“What’re you wearin’?” a colleague confronted me.
“I’m trying to look more professional today since the dean is here,” I shrugged.
“You don’t look right. This ain’t you,” she pointed from my head to my toes several times.
Just today in the bathroom, I complimented my coworker’s blazer and mentioned I still need to buy a suit.
“You’d look funny in a suit,” she echoed over her stall. “You always look great. Don’t worry about it.”
I suppose wearing a pinstripe-lined blazer with ironed slacks isn’t necessary, and my wardrobe has naturally matured over time, with a few slip-ups here and there.
“Don’t ever wear that shirt to work again,” my closest colleague W scolded me a couple winters ago.
“What?” I frowned, surveying my lavender off-the-shoulder boatneck with sheer material revealing skin to the near-dangerous depths of my chest. “Well… okay…”
So maybe I would look weird in a houndstooth skirt with a matching jacket, but dressing professionally forges an undeniable difference. While eating grits and grillades at my friend M’s loft on Sunday, she noted how airport staff treat her significantly better when she shows up looking like a brand manager instead of a carefree lady on holiday.
As I traipse across campus in patterned tights, ankle booties and feathered headbands, people still mistake me for a student. Hopefully my demeanor and work make an impression on the people who matter and who don’t care if I wear skinny jeans on Fridays.
Where do I strike a balance, then? I guess crawling a rung up the ladder and buying new shoes was an effective first step.
An affinity for hot dogs must be part of my genetic make-up. I inherited the majority of my mother’s phenotype – fair skin, yellow-brown eyes and what many people call a “butt chin” – but I clearly acquired my father’s fondness for frankage.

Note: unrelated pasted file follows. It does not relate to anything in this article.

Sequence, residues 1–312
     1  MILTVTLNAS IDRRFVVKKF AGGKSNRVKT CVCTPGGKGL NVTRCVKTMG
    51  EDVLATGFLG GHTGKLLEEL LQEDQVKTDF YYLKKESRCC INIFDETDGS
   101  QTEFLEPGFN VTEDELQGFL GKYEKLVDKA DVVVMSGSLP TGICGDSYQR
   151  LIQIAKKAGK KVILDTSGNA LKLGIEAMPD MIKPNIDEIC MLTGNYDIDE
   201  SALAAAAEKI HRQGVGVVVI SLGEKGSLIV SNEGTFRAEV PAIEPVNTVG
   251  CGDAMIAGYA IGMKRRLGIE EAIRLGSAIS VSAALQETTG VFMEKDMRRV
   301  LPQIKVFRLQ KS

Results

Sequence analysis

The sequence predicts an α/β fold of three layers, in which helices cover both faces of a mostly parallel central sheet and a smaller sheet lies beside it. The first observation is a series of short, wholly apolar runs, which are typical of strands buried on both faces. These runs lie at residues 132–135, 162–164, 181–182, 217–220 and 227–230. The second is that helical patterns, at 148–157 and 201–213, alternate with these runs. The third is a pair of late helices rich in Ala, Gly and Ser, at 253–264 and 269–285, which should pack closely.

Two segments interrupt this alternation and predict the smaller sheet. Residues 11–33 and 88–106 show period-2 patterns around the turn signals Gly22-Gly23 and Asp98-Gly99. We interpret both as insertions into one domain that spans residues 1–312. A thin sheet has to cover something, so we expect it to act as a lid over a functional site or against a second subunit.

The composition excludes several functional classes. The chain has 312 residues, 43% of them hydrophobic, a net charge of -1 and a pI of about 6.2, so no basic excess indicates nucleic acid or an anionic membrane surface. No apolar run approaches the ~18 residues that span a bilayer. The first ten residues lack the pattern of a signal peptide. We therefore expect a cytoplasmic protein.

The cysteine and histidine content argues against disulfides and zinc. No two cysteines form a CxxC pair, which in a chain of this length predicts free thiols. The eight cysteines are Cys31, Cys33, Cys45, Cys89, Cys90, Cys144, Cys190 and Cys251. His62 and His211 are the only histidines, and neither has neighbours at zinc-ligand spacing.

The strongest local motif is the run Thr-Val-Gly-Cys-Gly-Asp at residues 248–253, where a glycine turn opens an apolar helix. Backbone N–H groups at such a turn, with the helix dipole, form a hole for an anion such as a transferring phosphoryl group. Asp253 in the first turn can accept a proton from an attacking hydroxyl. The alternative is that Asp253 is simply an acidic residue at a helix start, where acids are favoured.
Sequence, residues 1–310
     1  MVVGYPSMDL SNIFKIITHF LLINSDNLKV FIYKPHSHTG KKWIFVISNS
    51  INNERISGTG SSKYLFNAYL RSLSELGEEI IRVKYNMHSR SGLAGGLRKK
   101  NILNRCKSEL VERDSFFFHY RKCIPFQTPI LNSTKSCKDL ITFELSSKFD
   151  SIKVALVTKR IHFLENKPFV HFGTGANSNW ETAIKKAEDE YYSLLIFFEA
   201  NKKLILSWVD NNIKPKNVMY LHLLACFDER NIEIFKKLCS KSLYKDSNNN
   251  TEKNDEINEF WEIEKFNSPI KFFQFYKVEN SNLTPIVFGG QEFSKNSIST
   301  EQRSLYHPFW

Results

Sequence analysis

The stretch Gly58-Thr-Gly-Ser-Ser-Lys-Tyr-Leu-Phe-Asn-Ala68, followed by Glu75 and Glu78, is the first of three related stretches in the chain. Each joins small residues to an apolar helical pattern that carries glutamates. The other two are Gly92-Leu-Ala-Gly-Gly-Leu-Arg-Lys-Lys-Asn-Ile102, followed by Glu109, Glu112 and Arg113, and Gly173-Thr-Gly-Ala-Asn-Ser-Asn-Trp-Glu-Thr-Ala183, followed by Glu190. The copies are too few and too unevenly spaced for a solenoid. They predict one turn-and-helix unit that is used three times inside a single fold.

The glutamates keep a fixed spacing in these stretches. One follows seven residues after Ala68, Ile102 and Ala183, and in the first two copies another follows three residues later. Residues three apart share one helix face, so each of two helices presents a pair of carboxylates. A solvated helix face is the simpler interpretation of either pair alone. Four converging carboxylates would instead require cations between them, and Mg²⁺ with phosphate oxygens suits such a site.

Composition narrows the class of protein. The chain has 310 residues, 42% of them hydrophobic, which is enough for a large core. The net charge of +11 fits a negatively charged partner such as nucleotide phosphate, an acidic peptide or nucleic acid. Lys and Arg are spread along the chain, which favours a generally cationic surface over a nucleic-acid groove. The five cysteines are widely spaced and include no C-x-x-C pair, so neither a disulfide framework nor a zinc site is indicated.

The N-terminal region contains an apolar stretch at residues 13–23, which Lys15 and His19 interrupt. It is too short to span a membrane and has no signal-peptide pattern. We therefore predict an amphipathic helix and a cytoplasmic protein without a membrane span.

Daddy insists on making a chili dog pilgrimage to the Varsity whenever possible. One year the family convened at the grease pit’s original downtown Atlanta location on Father’s Day. But more often, Daddy requests that my mother bring him a box of wieners on her way back home from visiting me in Atlanta. (Now that a Varsity Junior opened at Town Center Mall in Kennesaw, it has been added to her list of regular shopping destinations along with DSW and Macy’s.)
When my sister Timber moved back in with our parents for a year, she became Daddy’s chili dog deliverer. While Timber and I chilled chewing brunch at Ria’s Bluebird one Saturday afternoon, my phone vibrated non-stop, greatly detracting from the enjoyment of my red pepper and herbed cheese omelette. Because I racked up seven missed calls and one voicemail, I listened to my message. (We’re big on phone etiquette.)
“Bobbin, please tell Timber to call me. I really need to talk to her. It’s URGENT,” my father pled.
“I think something might have happened to Mother,” I told Timber. “Do you have any missed calls from Daddy?”
“Yeah,” she swallowed a bite of caramelized banana pancake. “About four.”
An email immediately registered on my Android:
Bobbin, has Timber left Atlanta yet? If not please tell her to pick me up six chili dogs from the Varsity instead of three.
I can’t decide which amuses me more: that my father freaked out over doubling his order or that he probably inhaled the half-dozen dogs in one sitting.
At a recent family excursion to El Nopal, even, Daddy’s tastebuds got their way. After the Wages women ordered quesadilla rellenas or tacos, Daddy handed the waitress his menu and said, “Hot dawg.”
As part of my neverending eating disorder, I refused to consume meat, not for the sake of ethics but of caloric deprivation. I’d like to forget those frank-less years. Now I wallow in spicy mustard and sauerkraut.
I devoured the most amazing hot dog ever at clothing-optional Wreck Beach in Vancouver, served by a naked man while surrounded by naked children. While the jalapeño and cheddar baked into the meat contributed to its status as #1 Lifetime Weenie, I’m not going to lie – the panorama of mountain, ocean and forested cliff; live renditions of songs like “Light My Fire” and “Cocaine”; and exotic location in general have stapled its blue ribbon to my heart.
Pallookaville! corn dog truck
However, Jim Stacy’s Pallookaville! corn dog truck comes in at a distant second. After running in last Saturday’s Romp and Stomp 5K, neither fruit nor salad nor yogurt would satisfy me. Only a beef frank dipped in pepper batter, then fried and expanded to five times its original size, would sufficiently replace the calories I had burned. While Ryan and I left the race site, the bright red Pallookaville! truck rolled down Boulevard.
“There it is!” Ryan pointed.
“You’re my hero, Jim Stacy!” I suctioned myself to the passenger window.